Apartment living has its advantages, especially when it comes to taking responsibility for upkeep. If you live in an apartment, you probably appreciate when your landlord responds promptly to your requests for repairs or maintenance. Of course, this may not be the norm, and you may be like many tenants who wait an unreasonable amount of time before help arrives.
This may be worrisome to you if you have children who are in danger of being injured by a hazard on the property you rent. Your landlord is responsible for keeping the property as safe as possible for tenants and visitors, and this includes addressing any attractive nuisances that may exist.
What is an attractive nuisance?
If your landlord has a swimming pool for tenant use, New Jersey law requires that he or she place a strong protection, such as a fence with a locked gate, around the pool. This is to prevent children from wandering near an unattended pool and falling in. A swimming pool is an example of an attractive nuisance, which can be anything that lures children onto the property but places them in danger of injury. Other common examples of an attractive nuisance include the following:
- Fountains, hot tubs or other water features
- Piles of debris or construction materials
- Machinery, including tractors, golf carts or lawn mowers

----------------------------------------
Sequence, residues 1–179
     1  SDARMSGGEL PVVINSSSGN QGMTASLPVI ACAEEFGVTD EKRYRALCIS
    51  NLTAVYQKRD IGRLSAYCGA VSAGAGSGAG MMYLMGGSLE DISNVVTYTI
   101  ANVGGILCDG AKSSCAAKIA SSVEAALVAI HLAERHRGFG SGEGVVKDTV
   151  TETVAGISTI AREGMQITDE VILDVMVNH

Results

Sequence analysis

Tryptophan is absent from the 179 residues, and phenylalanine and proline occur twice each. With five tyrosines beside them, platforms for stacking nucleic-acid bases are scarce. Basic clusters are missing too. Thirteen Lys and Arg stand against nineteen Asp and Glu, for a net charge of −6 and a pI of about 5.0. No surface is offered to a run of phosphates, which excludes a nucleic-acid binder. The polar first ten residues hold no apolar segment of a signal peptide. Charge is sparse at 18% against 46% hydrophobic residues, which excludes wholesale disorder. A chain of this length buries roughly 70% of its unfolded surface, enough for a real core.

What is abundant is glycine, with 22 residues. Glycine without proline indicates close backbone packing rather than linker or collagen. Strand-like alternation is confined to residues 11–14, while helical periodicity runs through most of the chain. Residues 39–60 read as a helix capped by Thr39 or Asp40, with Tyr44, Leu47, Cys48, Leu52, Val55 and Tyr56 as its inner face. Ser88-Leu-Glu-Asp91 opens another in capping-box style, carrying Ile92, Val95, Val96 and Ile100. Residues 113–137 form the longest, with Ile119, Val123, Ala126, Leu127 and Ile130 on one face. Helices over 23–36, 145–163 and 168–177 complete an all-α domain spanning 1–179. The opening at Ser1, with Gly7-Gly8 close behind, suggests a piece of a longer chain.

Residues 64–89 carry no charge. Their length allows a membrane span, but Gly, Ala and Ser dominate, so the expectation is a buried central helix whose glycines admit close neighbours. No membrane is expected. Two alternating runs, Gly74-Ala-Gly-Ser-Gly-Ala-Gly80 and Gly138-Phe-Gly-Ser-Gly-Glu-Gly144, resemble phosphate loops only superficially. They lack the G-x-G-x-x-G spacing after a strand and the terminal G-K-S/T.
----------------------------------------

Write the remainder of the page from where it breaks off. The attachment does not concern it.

- Trampolines or play equipment, like bounce houses
- Appliances that remain unlocked or still have their doors attached
- Unsupervised dogs
A landlord who knows such hazards are on the property, who understands that they could attract and injure a child, and does nothing to remedy the problem may be liable for any injuries your child suffers.
What should my landlord do?
Your landlord has several choices for dealing with an attractive nuisance. The most complete remedy is to remove the hazard altogether, but this may not be possible. Some property owners believe they have fulfilled their obligation by placing warning signs on the property. However, your child may not be able to read or may be too enticed by the attractive nuisance to notice signs or appreciate their meaning.
If the landlord cannot remove the hazard, he or she must find a way to secure it, such as locking it in a shed or putting a fence around it. However, the courts may excuse a landlord if the cost of securing an attractive nuisance is too great. Nevertheless, you have the right to pursue justice if your landlord has not taken the proper precautions to protect you and your child. An attorney can assist you in filing a claim in civil court.